Department Colloquium Summer 2022

Talks in the Summer Semester 2022

13 July 2022 14:30
Department Colloquium Summer 2022

At the Colloquium of the Department of Mathematics international researchers report on their work. The colloquium will be held on Wednesdays in "Hörsaal 3" (MI 00.06.011). We invite all interested parties.

Dates and topics at the Department Colloquium

Structure-preserving finite elements and particles for plasma simulation

Prof. Dr. Martin Campos Pinto

27 July 2022, 14:30 - 15:30  

PD Martin Campos Pinto

Max-Planck-Institut für Plasmaphysik - IPP

Despite steady progresses over the last half century, the numerical simulation of fusion plasmas remains a huge challenge for applied mathematicians and computational physicists, mostly due to the complex nonlinear interactions that occur between multiple physical scales.
The objective of this talk is to present some promising tools and open projects in this field: In a first part I will describe a novel structure-preserving discrete framework that provides stable, high-order and efficient solvers for Maxwell's equations in complex domains. This framework builds upon the Finite Element Exterior Calculus theory which preserves at the discrete level the de Rham geometric structure of the exact problems, but also allows a greater locality in the computations and a greater modularity in the implementation.
In a second part I will show how to couple these generic field solvers with particle approximations of the Vlasov equation describing the evolution of a collisionless plasma, while preserving the Hamiltonian structure of the exact system.
I will conclude with some open problems that are currently tackled in the NMPP division of the Max-Planck Institute for Plasma Physics.

Stationary vine copula models for multivariate time series

Prof. Dr. Aleksey Min

27 July 2022, 16:00 - 17:00

Prof. Aleksey Min 
Technical University of Munich

Copulas are multivariate distribution functions with uniformly distributed margins on the unit interval [0,1]. Despite their simplicity, they are very helpful for modeling a dependence structure of multivariate data in applied science. In the talk, I outline a flexible construction of copulas using graphical models vines. Recently, the so-called vine copulas are successfully used to model univariate and multivariate time series. A time series consists of multiple observations indexed by time. Classical time series models allow for only linear dependence between variables and time points. Vine copulas can conveniently capture cross-sectional and temporal dependence of multivariate time series. In the talk, I derive the maximal class of graph structures that guarantee stationarity under a natural and verifiable condition. I also discuss computationally efficient methods for estimation, simulation, and prediction. The theoretical results allow for misspecified models and, even when specialized to the iid case, go beyond what is available in the literature. The talk is based on the joint work with Thomas Nagler and Daniel Krüger.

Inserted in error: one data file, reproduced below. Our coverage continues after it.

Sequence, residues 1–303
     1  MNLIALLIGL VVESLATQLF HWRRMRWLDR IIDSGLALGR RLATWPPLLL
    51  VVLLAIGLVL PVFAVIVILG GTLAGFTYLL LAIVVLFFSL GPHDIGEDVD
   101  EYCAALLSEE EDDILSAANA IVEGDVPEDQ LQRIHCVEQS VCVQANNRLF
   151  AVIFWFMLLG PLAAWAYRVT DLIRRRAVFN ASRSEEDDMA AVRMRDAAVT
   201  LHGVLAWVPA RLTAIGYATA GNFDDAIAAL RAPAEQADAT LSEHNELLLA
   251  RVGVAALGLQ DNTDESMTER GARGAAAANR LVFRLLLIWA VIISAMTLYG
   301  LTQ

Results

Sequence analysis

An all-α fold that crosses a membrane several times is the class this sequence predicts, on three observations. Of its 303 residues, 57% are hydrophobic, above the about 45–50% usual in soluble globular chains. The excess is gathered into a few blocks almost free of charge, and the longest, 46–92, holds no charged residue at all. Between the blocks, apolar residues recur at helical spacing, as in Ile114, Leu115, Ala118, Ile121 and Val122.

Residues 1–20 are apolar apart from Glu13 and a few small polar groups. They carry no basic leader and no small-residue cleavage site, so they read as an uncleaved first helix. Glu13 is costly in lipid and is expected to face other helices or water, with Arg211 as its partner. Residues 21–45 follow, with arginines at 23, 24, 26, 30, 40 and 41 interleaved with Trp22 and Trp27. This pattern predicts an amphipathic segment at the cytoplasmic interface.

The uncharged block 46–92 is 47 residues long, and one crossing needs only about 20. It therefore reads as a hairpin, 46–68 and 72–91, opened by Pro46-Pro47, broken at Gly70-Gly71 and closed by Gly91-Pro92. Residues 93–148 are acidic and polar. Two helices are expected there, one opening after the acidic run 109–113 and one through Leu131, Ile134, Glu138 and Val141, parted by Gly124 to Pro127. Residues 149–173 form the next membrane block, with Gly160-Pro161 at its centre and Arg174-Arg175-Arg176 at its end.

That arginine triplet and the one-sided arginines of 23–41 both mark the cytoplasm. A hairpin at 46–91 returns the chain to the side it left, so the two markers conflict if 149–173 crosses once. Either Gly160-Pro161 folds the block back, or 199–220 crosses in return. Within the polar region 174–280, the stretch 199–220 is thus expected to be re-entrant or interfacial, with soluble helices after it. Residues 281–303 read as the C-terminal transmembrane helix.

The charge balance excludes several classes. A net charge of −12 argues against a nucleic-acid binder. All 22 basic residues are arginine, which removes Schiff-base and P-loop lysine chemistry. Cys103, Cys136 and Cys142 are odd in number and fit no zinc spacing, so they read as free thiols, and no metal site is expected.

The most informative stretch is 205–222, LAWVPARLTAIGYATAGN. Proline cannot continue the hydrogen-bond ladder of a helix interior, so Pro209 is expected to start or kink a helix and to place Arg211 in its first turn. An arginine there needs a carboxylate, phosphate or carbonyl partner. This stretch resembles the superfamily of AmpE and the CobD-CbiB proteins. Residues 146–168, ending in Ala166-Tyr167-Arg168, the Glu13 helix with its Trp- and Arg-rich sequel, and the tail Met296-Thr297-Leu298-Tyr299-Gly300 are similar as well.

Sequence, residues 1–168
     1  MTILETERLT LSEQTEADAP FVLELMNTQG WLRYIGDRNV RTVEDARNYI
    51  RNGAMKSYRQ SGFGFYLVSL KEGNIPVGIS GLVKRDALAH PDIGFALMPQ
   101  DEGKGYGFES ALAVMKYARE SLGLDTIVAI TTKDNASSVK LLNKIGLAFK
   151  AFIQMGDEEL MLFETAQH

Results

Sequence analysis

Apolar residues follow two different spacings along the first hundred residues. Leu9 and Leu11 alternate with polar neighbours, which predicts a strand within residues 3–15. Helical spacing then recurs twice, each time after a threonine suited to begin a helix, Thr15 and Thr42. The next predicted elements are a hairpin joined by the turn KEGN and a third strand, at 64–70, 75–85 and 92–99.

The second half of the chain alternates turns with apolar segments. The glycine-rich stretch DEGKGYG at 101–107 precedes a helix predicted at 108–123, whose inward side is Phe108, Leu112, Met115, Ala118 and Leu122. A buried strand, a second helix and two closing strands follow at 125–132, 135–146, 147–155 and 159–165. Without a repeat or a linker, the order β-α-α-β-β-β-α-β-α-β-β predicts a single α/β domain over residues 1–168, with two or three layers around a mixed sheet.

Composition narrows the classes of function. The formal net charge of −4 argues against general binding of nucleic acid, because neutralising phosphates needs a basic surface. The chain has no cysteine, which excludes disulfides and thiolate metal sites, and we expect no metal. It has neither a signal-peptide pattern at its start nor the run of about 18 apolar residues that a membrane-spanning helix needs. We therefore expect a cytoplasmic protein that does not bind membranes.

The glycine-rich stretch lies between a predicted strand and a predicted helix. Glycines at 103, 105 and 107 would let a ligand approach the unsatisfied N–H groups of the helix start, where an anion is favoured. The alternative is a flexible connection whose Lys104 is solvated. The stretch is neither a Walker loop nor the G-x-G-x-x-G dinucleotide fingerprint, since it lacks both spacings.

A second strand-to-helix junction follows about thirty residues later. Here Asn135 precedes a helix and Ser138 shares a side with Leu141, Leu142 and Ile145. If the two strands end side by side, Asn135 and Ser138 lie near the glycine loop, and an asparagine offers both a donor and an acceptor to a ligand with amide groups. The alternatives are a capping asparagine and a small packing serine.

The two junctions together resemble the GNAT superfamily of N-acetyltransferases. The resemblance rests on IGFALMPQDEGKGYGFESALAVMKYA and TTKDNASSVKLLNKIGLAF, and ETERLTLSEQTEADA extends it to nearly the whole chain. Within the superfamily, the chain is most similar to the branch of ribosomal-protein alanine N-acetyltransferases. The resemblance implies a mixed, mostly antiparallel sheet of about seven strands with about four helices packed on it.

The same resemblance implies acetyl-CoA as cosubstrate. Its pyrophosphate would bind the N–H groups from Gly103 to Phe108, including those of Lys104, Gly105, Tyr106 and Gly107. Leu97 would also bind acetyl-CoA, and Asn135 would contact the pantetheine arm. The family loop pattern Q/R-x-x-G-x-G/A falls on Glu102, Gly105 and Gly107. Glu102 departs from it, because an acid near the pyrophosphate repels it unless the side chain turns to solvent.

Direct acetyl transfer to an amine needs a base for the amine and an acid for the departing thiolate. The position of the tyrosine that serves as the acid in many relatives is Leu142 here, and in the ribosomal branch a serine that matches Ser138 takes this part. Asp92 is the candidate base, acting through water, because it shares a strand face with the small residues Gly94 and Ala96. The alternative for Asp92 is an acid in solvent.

The logarithmic Minkowski problem

Prof. Dr. Martin Henk

13 July 2022, 14:30 - 15:30  

Prof. Martin Henk
Technical University of Berlin

The classical (discrete) Minkowski problem asks for necessary and sufficient conditions such that a given set  of unit vectors \(a_i\)​ and positive numbers \(\alpha_i\)​, \(1\leq i\leq m\), are the facet data of a polytope, i.e., there exists a polytope PPP having facets in the directions \(a_i\)​ of area \(\alpha_i\). This problem was solved by Minkowski, and it is a corner stone of classical Brunn-Minkowski theory. The analogous problem in modern convex geometry and within the \(L_p\)​-Brunn-Minkowski-theory is known as the \(L_p\)​-Minkowski problem. Of particular interest is the limit case \(p=0\) and the associated so called logarithmic Minkowski problem. Here the problem is to decide when the given data are the cone data of a convex polytope PPP containing the origin, i.e., \(\alpha_i\)​ is the volume of the cone generated by the origin and the facet in direction \(a_i\).

In the talk we survey on the state of the art of the logarithmic Minkowski problem.

Inaugural lecture: Two tales of modelling financial markets - from rough stochastic volatility to deep generative models

Prof. Dr. Blanka Horvath

13 July 2022, 16:00 - 17:00

Prof. Blanka Horvath
Technical University of Munich

Rough fractional stochastic models have been used for several decades to model natural phenomena. In mathematical finance, the family of so-called 'rough volatility models' - where the volatility process has rougher sample paths than Brownian motion - has attracted tremendous interest in the past years, due to its ability to reproduce several key features of 

  1. financial time series [Gatheral-Jaisson-Rosenbaum '18],  and 
  2. of the observed skew of implied volatility [Alos-Leon-Vives '07, and Fukasawa '11], as well as
  3. due to the fact that rough volatility models arise as scaling limit of microstructure models [El Euch-Fukasawa-Rosenbaum `18, Jaisson-Rosenbaun '20].

Since the emergence of Deep Pricing and Hedging the need for models that reliably reproduce key features (stylized facts) of financial markets has become even more pronounced. Deep generative modelling techniques make it possible to model financial time series in a fully flexible data-driven way that is not limited to the choice of a stochastic financial model, but instead where features are encoded through in the rough path signature of the price path.

In this talk we discuss why realistic stochastic models (such as rough volatility) are of paramount importance for such data driven deep algorithms and also highlight some of the most recent challenges that arise for mathematical finance in this new setting.

Further information can be found on the overview page of the Colloquium of the Department of Mathematics.